Columbarium and Mausoleums
Funeral homes in Greenville, MI, and the rest of the country offer bereaved a few different options when it comes to interring the deceased’s remains both below ground and above ground. There are two main above-ground options: columbarium and mausoleums. These buildings are common landmarks in cemeteries and funeral homes, but you might not know which is which, or even how the two differ from one another.
If you’ve ever been walking in, through or past a cemetery, you’ve most likely noticed the ornate but small buildings scattered around the grounds amidst the tombstones. These buildings are mausoleums, columbarium, or even a combination of the two. Both columbarium and mausoleums are defined as permanent, above-ground resting places for human remains, but they have a few key differences between them. Let’s start with mausoleums.
A mausoleum, according to the National Funeral Directors Association, is defined as, “a building designed for above-ground placement of a casket. The casket is placed into a crypt that may be designed for one or two persons.” Mausoleums can have one crypt, or a chamber designed to hold one body, or a larger space made to hold a few people like a family or a couple. Some mausoleums have more than one room for different parts of a family. These buildings are often decorated with exterior markers to denote who is resting inside. Some even have glass windows that allow those on the outside to view the coffins.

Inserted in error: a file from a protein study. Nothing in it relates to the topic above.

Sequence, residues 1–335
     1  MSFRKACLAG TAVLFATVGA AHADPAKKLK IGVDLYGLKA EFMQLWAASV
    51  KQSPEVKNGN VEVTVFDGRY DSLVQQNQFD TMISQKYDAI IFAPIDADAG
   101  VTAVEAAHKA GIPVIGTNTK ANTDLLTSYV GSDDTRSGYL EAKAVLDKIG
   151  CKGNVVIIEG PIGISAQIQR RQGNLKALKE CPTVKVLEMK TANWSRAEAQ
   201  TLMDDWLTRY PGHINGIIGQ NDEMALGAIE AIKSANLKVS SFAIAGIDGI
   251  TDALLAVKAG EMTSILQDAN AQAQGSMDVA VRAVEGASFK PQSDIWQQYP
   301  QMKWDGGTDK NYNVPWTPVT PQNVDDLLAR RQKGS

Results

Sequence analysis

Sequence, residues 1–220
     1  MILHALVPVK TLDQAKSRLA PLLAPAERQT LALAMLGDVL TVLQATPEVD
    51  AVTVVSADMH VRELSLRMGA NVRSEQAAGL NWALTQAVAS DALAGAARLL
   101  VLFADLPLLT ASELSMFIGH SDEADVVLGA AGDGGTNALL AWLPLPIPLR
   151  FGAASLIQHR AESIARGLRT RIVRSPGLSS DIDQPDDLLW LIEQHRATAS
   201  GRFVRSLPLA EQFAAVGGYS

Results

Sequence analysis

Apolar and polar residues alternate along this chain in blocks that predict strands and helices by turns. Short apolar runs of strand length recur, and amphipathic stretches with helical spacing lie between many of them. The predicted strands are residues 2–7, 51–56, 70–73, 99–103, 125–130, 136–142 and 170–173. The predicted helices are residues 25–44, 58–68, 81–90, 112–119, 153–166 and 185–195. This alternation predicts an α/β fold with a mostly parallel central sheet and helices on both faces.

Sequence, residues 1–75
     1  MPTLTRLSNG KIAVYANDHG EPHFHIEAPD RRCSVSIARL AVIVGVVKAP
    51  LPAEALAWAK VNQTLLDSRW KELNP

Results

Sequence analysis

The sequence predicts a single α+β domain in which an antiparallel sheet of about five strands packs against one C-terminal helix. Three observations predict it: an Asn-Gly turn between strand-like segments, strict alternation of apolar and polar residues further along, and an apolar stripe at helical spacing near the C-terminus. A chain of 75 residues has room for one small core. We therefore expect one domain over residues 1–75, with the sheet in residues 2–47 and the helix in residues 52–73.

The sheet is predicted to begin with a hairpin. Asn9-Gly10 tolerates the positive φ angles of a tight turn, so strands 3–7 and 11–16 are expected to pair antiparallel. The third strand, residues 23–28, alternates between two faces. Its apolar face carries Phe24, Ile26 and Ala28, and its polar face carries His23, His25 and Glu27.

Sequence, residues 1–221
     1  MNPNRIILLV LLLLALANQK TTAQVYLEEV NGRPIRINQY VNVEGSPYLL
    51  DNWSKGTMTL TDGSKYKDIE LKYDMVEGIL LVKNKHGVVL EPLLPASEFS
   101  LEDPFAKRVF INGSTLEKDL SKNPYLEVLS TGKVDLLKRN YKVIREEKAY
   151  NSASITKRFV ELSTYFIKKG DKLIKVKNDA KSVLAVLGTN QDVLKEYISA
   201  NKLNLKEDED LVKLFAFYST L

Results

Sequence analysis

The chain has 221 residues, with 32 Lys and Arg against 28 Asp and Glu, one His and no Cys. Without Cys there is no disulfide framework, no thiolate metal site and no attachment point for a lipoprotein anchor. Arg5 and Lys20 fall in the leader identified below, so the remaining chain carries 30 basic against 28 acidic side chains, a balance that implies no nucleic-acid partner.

Mausoleums can be found in different variations and designs all around the world. One of the original Seven Wonders of the World was a mausoleum. Built in 353 BC near what is now known as Turkey, The Mausoleum of Halicarnassus was the final resting place of a famous Persian king named Mausolus. This king was so rich that he commissioned one of the finest mausoleums ever built and is actually how the term mausoleum was coined.
Unlike mausoleums that generally hold bodies, columbarium is designed to house cremated remains. The term columbarium comes from the Latin word “columba” which means dove. In the past, doves and pigeons were housed in buildings with niches on the walls for their nests. This design is very similar to how columbarium is made, as they have compartments built into the walls to house and display cremation urns. There are lots of different columbarium designs. Some are indoor and some are outside, while others are simple and more still are decorated and elaborate. You can choose whatever kind of columbarium you like for your lost loved one.
Michigan Cremation & Funeral Care is here to help if you’re looking for more information on common funeral questions or would like to learn more about Greenville, MI funeral homes and services. We can answer any questions you may have on burial, cremation, funeral services, and more. Please stop by and visit us today or give us a call for more information on what we can do for you in your time of loss.